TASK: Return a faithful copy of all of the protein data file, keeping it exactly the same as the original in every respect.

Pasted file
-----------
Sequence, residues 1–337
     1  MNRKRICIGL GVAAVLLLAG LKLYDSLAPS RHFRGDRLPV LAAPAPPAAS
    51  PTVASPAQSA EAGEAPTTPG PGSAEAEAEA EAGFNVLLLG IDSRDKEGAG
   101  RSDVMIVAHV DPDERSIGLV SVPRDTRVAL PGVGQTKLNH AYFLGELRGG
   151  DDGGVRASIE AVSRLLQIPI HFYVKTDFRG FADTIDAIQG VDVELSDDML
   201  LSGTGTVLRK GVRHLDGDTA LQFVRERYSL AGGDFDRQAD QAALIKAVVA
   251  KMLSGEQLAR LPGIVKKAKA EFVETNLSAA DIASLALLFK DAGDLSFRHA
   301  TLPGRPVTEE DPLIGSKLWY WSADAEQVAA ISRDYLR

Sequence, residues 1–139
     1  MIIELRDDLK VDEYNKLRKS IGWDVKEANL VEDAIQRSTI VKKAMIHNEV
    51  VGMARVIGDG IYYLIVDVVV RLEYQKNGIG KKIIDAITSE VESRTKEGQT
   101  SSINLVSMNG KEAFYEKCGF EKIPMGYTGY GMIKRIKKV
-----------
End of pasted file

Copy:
Sequence, residues 1–337
     1  MNRKRICIGL GVAAVLLLAG LKLYDSLAPS RHFRGDRLPV LAAPAPPAAS
    51  PTVASPAQSA EAGEAPTTPG PGSAEAEAEA EAGFNVLLLG IDSRDKEGAG
   101  RSDVMIVAHV DPDERSIGLV SVPRDTRVAL PGVGQTKLNH AYFLGELRGG
   151  DDGGVRASIE AVSRLLQIPI HFYVKTDFRG FADTIDAIQG VDVELSDDML
   201  LSGTGTVLRK GVRHLDGDTA LQFVRERYSL AGGDFDRQAD QAALIKAVVA
   251  KMLSGEQLAR LPGIVKKAKA EFVETNLSAA DIASLALLFK DAGDLSFRHA
   301  TLPGRPVTEE DPLIGSKLWY WSADAEQVAA ISRDYLR

Sequence, residues 1–139
     1  MIIELRDDLK VDEYNKLRKS IGWDVKEANL VEDAIQRSTI VKKAMIHNEV
    51  VGMARVIGDG IYYLIVDVVV RLEYQKNGIG KKIIDAITSE VESRTKEGQT
   101  SSINLVSMNG KEAFYEKCGF EKIPMGYTGY GMIKRIKKV